25 August 2016

The curse of special money...

Shortly after this year’s Federal budget it dawned on me that the Government’s proposal to scrap the energy supplement for new claimants of certain transfer payments (eg, Newstart allowance) would actually make them worse off than if the supplement had never been introduced in the first place. To draw attention to this issue, on 4 May I started what has been an ongoing series of posts about it on Twitter, along with a more detailed blog post on 14 May.

Since then I’ve been writing to MPs, Senators, Ministers and their parties about it, as well as journalists in the major media outlets, mainly via Twitter. I’ve also chatted (in the good old fashioned verbal way!) with a few people about it over the intervening months.

These efforts have shown me that it can actually be a bit difficult for some people to get their head around how it’s possible to remove a no-longer-needed extra bit from a payment and in doing so have people end up with less than the original, pre-extra bit, amount. So here’s another go at explaining it; one that doesn’t use pictures or tables or discussions about the CPI. It’s a vast simplification compared to what is actually going on, but the essential mechanism is there…

Imagine that you are regularly being paid $100 a week, via a bundle of nice shiny $10 notes. The normal arrangement is that if the prices of things you buy go up, your $100 a week will be adjusted up also (more $10 notes for you). And if prices fall, you don’t need as much, and your $100 will be reduced (less $10 notes for you). Assume this has been going on for years and years, with you getting a bit more or a bit less than $100 as prices wobble about.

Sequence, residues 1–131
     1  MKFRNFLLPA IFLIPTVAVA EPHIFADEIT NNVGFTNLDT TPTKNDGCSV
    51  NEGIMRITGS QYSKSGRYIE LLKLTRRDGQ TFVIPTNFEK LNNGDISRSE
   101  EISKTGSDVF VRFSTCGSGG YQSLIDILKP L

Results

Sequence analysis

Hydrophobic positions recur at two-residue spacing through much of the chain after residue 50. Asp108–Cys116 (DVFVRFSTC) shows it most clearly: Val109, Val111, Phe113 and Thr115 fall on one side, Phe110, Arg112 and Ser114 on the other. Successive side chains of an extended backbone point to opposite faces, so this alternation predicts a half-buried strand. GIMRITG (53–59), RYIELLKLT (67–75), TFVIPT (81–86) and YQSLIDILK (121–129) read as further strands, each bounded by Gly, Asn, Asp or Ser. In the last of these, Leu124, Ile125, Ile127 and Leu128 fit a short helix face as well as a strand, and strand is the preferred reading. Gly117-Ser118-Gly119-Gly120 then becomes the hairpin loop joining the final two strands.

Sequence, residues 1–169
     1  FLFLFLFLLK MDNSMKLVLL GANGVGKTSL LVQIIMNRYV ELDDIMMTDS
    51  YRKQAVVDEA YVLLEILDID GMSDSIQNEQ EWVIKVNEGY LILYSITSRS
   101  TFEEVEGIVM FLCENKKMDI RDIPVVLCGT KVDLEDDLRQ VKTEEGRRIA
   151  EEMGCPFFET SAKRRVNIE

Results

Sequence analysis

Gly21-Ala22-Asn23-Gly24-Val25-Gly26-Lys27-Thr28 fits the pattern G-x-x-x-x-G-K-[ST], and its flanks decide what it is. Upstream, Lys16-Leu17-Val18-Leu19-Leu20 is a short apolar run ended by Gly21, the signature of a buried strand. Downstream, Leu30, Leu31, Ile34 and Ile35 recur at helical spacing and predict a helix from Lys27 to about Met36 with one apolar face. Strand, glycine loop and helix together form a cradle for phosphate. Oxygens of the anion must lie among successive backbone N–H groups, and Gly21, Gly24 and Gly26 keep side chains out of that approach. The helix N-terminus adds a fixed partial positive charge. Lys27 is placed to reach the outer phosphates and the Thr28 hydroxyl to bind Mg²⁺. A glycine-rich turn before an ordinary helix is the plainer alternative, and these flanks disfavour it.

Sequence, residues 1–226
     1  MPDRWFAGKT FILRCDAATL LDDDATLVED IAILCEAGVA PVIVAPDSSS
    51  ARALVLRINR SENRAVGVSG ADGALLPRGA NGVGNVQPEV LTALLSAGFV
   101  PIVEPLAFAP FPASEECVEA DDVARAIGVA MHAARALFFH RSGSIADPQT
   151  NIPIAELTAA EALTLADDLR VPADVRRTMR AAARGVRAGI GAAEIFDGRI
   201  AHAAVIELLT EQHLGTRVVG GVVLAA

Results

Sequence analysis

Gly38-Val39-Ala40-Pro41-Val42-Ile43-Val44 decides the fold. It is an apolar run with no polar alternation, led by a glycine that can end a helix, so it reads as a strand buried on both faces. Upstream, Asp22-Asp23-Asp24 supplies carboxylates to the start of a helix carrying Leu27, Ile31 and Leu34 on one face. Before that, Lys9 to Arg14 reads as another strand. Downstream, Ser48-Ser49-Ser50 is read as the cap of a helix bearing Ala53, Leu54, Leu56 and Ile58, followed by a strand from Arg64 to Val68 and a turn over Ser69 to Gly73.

Fast forward a few years, and there’s an announcement that there’s going to be an ongoing change that will cost you money – an extra $10. A permanent price hike in addition to the normal up and down wobbles. Now, the normal arrangements will give you this $10 (it’s just a price increase after all), but just so you know that you’ve been properly compensated, your benefactors have decided to give you $20 instead. To make it even better, they’ll give you a $20 note instead of a couple of the usual tenners. And so it comes to pass that you are now getting $120, made of ten $10 notes and one fabulous new $20.

Time passes, and the thing that brought about the ‘permanent’ extra price hike is removed. In an act of generosity, the people giving you the $120 say you will be allowed to keep your special $20 note.

Bonanza! A windfall gain! Sounds of cheering and joy!

Except that they don’t do anything about those pesky normal arrangements, and those arrangements dutifully operate to reduce your payment by that $10 extra cost that no longer exists. So now you have $110 a week, still more than you had before all this started. And you surely can’t help but notice the nice $20 note that still makes up part of that $110.

Times get tight, and the person paying you is looking around to save money. They recall that you’re still getting a $20 note to compensate for that price thing that no longer exists. And inevitably, the pressure is on to stop giving it to you. After all, the extra cost thing went away ages ago. So the $20 note is removed, and now you find you are only getting $90 a week – less than before the whole extra cost thing started!
And there's no point in complaining, because all the great benefactor did was remove the special $20 note you no longer needed.

Essentially, this is the process underpinning my concerns about the removal of the energy supplement. Sure, the actual arrangements are more complex, but if you keep the concept in mind, my original post (here) describing what's actually happening might now be a bit less impenetrable.
Fingers crossed!

1 comment:

  1. Thanks for such a great post :) I used to my homework.